Georgetown residents will see water continue to rise and face possible closures of main routes into the county in the coming days, officials warned locals.
“You need to leave,” Sheriff A. Lane Cribb said.
The county did not issue an evacuation order, but people in flood-prone areas need to prepare to flee, county administrator Sel Hemingway said.
“We highly encourage you to seek shelter if you see water levels rising and threatening your particular location,” Hemingway said.
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Water levels in Georgetown are increasing as record-high river waters travel south following Hurricane Florence, county leaders said Monday. Georgetown Office of Emergency Management Director Sam Hodge said water people see in photographs from North Carolina and Horry County is now arriving in Georgetown.
“There is no other way for waters to get to the Atlantic Ocean than through Winyah Bay,” Hodge said.
Roads in the northeastern parts of the county and Plantersville are already impacted, Hemingway said. National Guard and South Carolina Department of Transportation crews have worked to protect roads and bridges on U.S. Highway 17 and Highway 701 into Georgetown.
Highway 17 is a main thoroughfare into Georgetown and could close because of water on the road or strong currents of the flood below the bridge.
“If water levels reaches levels depicted in DNR models, we will lose access to Highway 17 in the north,” Hemingway said.
The National Guard positioned equipment at the roadway to ferry essential goods into Georgetown if necessary, Hemingway said. The county also staged emergency responders outside of the city areas so they can reach all parts of the county if Highway 17 is closed.
Hemingway said they also believe the Highway 701 bridge at the Horry-Georgetown county line could soon close.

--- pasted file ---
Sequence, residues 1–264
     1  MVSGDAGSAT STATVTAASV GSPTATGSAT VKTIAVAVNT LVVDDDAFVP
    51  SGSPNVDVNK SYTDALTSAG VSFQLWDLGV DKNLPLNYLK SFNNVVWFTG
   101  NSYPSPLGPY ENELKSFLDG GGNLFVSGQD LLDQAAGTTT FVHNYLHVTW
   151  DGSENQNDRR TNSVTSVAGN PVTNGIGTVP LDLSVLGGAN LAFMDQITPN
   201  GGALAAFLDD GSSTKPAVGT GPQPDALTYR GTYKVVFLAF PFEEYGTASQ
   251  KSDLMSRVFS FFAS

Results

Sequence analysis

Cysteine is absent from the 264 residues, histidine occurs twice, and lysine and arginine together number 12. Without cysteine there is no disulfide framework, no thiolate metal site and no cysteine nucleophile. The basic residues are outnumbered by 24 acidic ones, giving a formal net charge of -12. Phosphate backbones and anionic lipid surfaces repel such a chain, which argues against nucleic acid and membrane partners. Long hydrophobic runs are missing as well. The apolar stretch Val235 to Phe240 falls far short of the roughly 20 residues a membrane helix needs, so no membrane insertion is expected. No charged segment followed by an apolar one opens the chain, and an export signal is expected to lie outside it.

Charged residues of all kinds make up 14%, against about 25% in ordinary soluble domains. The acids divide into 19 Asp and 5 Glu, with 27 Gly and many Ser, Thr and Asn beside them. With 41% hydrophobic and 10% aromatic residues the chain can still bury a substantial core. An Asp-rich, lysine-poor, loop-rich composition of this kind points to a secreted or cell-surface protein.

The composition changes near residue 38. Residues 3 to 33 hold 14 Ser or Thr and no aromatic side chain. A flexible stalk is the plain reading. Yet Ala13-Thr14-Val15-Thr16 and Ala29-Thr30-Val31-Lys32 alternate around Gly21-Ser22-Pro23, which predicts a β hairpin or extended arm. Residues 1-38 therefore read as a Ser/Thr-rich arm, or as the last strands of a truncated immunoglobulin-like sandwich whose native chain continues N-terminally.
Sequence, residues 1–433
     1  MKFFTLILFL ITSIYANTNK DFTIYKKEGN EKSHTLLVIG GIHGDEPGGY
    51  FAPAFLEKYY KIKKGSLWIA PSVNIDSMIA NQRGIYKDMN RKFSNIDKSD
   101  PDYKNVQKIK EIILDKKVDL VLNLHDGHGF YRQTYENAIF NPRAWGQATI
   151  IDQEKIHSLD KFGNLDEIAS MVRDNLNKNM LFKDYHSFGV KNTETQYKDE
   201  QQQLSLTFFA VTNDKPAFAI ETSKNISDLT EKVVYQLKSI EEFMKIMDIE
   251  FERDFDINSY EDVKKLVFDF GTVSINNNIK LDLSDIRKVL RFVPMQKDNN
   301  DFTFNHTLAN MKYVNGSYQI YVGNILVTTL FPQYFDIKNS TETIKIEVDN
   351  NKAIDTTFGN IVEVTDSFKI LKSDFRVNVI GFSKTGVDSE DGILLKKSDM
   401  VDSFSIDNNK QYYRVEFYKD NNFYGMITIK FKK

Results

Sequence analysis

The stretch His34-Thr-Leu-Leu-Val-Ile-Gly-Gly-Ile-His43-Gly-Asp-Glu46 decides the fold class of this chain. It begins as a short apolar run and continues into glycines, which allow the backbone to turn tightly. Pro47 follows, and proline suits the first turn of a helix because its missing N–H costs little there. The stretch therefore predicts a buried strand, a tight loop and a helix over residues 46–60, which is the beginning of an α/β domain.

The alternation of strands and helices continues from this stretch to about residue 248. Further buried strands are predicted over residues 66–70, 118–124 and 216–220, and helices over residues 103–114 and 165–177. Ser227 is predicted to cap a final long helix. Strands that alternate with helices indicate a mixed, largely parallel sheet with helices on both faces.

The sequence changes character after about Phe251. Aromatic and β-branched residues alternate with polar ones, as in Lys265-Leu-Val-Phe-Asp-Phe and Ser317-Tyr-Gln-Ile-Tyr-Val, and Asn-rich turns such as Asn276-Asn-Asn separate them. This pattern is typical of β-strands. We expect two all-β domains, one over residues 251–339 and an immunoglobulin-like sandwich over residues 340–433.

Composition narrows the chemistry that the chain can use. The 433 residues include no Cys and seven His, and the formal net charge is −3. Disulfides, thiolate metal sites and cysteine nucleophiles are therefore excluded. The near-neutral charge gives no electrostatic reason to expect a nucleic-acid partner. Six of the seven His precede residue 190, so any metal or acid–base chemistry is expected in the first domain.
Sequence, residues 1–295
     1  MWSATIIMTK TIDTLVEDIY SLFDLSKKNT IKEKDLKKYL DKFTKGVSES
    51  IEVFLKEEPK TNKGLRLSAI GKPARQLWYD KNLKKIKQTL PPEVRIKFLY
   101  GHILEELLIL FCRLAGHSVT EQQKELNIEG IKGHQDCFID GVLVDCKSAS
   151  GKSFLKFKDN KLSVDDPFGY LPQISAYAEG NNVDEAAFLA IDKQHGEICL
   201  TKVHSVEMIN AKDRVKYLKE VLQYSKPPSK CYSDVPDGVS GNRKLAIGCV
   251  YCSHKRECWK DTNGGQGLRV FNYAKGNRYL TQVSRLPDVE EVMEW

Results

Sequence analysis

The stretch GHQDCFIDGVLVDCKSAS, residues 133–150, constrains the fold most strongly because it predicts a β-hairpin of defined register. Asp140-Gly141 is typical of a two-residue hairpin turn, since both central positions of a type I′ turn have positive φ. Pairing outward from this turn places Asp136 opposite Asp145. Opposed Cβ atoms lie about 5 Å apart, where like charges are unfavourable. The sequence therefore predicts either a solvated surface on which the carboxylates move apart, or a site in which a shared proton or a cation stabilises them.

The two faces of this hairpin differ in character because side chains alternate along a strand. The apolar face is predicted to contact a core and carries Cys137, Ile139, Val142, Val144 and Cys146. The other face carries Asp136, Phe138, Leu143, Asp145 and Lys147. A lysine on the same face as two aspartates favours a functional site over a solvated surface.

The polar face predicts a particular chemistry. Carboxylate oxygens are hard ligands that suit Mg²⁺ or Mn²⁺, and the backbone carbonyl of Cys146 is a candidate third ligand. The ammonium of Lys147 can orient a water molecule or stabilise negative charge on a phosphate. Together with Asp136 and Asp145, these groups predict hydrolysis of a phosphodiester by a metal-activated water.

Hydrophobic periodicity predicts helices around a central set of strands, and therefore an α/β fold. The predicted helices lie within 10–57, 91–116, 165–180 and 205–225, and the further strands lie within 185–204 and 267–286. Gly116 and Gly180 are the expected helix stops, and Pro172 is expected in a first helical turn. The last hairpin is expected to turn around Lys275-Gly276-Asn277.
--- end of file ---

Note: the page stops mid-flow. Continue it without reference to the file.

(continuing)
Officials say that if highways 17 and 701 close, U.S. Highway 521 to the western parts of the county will be the only routes to central Georgetown.
The county activated its emergency operation center and staff had 1,600 citizen calls Sunday, Hodge said. The county opened two shelters at Waccamaw Middle School and Georgetown High School for flood evacuees. About 270 police officers from other areas also are in Georgetown to help operations and watch for potential looters.
“As we enter the next few days, we will continue to see water levels rise,” Hemingway said.
Protecting drinking water
As Georgetown started to see floodwaters move in Monday, the Army National Guard and Army Corps of Engineers was well into preparations, having spent two days building a barricade to protect a drinking-water station in Pawleys Island from potential flooding.
The facility takes water from the Waccamaw River and sends it to a filtration station and then to homes. The concern is Waccamaw River floods could reach the pump station and impact the area’s ability to get drinking water into homes.
The guard and engineering crews — all from South Carolina — worked on packing six-foot tall sections of a wall of sand around the building. They loaded pallets full of sandbags. Army Corps of Engineers Lt. Colonel Jeff Palazzini said his agency provides the technical support and materials, while the National Guard provides the manpower.
“We all live in South Carolina,” Palazzini said. “This is important to us.”
National Guard 1st Lt. Ronald Powell said about 25 guard members worked to secure the site.
“These guys, I can’t express how hard they worked,” he said.
Crews worked around the clock to protect the pump station. Powell said they worked during previous floods and natural disasters, such as Hurricane Matthew, helping South Carolina communities.
“It’s a humbling experience to witness,” Powell said.